3. Store your wood in a dry place
Even if you buy the best-seasoned wood you can get, you will still experience excessive smoke if you don't store it properly and keep it nice and dry. Maintaining the quality of the wood you intend to burn requires protecting it from the outdoors, especially during chilly or wet weather.
Tips for storing firewood
- Keep firewood stacked off the ground. Even hard surfaces, especially soil-covered ones, can maintain moisture that comes from the wood. Pallets are useful in these cases.
- Let the wood be exposed to the wind and sun to help it cure. A woodpile covered with tarps entirely retains moisture.
- Use a cover that allows the sides to remain open while keeping snow and rain off the top layer of wood. A log rack, a tarp with a frame, or an open-sided shed would be ideal for covered wood storage.
- Logs should be lengthened and split to create more surface area so that they can season more quickly. Ideally, wait six months before you burn your wood in order to allow it to properly season and dry out.
The Sea Island Forge Log Rack checks all of these boxes with its clever layout and solid construction. The wood rack has open sides that let the sun and wind help the wood cure, as well as a cover to keep it dry. Over time, the lid also lowers along with your wood stack.
4. Build your fire well
In order to minimize smoke, it's also crucial to build your fire properly to create the optimum amount of ventilation. You will want to start with chopping wood into smaller pieces and then using these small pieces to start the fire. Split logs are easier to light and burn better than whole logs, so you will continue to add larger split logs later (We have a detailed step-by-step of this over at Building the Perfect Fire). We suggest a criss-cross method of building a fire in the middle of your Sea Island Forge Fire Kettle or wherever you're starting your fire, to maintain optimal airflow and reduce smoke. Once you light the smaller pieces, this criss-cross formation will create an ideal amount of airflow and core heat in your fire pit. Eventually, throughout the evening, once the grid has completely burnt away, you can add larger pieces of wood to create a teepee-like structure to continue to encourage your airflow.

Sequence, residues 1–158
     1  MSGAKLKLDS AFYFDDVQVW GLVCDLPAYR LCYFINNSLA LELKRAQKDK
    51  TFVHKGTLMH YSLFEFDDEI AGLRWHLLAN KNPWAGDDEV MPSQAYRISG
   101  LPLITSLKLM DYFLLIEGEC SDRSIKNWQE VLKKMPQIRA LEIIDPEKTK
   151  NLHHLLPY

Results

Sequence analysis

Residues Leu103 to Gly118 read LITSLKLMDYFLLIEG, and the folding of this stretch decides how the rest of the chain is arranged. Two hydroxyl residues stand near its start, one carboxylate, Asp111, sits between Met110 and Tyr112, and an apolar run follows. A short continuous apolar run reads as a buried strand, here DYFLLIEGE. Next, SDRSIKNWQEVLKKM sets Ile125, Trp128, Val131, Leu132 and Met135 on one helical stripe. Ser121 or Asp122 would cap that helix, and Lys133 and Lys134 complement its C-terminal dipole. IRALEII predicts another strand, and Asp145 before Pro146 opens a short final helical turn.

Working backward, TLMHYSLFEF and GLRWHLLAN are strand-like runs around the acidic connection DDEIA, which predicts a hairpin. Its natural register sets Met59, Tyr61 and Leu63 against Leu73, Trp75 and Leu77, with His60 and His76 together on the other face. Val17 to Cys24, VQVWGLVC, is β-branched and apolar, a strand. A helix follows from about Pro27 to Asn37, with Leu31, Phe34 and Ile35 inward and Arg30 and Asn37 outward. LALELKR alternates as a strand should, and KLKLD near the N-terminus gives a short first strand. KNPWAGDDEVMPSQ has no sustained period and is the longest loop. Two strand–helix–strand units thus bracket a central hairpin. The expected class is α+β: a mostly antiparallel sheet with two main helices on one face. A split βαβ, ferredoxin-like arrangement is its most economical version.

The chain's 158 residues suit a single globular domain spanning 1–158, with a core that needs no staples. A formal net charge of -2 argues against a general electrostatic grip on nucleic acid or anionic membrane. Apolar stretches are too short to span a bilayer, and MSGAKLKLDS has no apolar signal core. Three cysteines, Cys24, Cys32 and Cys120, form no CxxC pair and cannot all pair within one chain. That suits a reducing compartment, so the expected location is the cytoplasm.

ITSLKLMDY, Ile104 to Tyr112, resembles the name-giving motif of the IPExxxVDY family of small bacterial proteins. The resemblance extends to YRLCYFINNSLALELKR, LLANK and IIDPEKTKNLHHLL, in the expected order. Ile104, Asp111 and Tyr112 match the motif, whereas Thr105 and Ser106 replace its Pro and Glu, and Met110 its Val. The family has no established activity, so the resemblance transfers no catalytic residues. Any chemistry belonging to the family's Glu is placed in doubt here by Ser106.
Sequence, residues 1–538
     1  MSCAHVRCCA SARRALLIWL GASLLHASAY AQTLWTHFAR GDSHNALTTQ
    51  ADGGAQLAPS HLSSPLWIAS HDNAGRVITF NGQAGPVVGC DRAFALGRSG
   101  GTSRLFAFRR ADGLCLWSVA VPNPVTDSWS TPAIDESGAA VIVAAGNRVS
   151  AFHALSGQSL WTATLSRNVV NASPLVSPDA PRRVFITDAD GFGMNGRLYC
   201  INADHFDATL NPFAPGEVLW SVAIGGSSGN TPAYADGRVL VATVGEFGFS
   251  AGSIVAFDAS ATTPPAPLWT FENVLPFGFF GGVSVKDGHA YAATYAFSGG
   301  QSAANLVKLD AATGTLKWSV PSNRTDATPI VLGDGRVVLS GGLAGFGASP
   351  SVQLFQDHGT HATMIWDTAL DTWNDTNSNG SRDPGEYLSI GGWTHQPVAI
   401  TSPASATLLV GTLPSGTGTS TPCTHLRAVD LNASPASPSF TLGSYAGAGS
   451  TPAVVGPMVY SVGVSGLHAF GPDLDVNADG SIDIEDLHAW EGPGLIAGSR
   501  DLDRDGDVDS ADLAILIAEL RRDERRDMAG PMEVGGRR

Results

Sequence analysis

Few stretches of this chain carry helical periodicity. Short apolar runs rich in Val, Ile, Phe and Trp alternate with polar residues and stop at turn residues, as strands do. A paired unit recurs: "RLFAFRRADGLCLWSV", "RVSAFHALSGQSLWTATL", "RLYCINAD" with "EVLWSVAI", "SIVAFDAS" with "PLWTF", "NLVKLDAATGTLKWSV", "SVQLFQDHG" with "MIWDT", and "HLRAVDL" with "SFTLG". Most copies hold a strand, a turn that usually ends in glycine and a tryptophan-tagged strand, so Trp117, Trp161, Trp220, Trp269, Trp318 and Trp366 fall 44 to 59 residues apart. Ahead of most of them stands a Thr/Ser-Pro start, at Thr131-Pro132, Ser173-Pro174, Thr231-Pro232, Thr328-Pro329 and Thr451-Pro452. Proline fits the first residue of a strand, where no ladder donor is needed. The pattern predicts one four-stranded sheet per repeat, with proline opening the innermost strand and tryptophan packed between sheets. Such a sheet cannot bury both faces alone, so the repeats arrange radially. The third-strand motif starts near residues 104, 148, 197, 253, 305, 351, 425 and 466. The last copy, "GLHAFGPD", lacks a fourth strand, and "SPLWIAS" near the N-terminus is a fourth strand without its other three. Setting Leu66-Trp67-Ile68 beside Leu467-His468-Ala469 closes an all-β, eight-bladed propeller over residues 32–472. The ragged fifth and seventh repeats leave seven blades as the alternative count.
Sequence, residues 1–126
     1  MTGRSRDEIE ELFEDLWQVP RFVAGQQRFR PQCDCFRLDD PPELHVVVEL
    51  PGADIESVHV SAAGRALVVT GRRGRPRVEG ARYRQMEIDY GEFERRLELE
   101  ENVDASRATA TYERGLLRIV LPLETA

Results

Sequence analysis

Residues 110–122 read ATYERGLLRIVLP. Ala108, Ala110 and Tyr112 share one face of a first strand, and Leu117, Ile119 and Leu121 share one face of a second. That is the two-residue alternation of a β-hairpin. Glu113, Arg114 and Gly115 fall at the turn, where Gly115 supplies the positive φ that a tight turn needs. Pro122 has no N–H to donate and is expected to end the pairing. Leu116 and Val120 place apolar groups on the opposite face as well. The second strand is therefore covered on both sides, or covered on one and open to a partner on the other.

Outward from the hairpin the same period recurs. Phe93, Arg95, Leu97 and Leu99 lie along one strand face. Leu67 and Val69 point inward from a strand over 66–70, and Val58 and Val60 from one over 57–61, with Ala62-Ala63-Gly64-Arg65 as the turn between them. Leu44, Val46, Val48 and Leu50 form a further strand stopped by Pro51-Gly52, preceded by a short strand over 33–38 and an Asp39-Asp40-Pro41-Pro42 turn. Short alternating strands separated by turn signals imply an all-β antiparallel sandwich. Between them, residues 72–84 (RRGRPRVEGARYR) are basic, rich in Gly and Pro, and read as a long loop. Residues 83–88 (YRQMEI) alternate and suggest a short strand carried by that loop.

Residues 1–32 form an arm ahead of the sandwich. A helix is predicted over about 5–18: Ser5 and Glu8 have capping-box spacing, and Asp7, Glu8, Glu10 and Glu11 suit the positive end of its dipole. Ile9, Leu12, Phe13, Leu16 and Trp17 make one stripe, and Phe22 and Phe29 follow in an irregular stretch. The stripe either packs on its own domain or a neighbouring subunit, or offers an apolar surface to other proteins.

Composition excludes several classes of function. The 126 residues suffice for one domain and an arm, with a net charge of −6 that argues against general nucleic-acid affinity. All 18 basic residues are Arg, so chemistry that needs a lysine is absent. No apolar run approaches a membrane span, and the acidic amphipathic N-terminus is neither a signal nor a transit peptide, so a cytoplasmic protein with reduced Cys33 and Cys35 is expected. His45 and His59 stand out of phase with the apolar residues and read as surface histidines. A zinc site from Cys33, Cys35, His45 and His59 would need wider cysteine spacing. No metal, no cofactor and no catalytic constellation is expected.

Overall, a fire pit’s smoke cannot be entirely extinguished, especially when it first starts even in the ever-trending smokeless fire pit. There are both benefits and drawbacks of buying a smokeless fire pit, especially because you can easily reduce smoke in a traditional fire pit you already have. It's not difficult to reduce the quantity of smoke your fire pit creates; all it takes is a little extra caution, practice in picking the right kind of wood when you do use wood and maintain a better-built fire.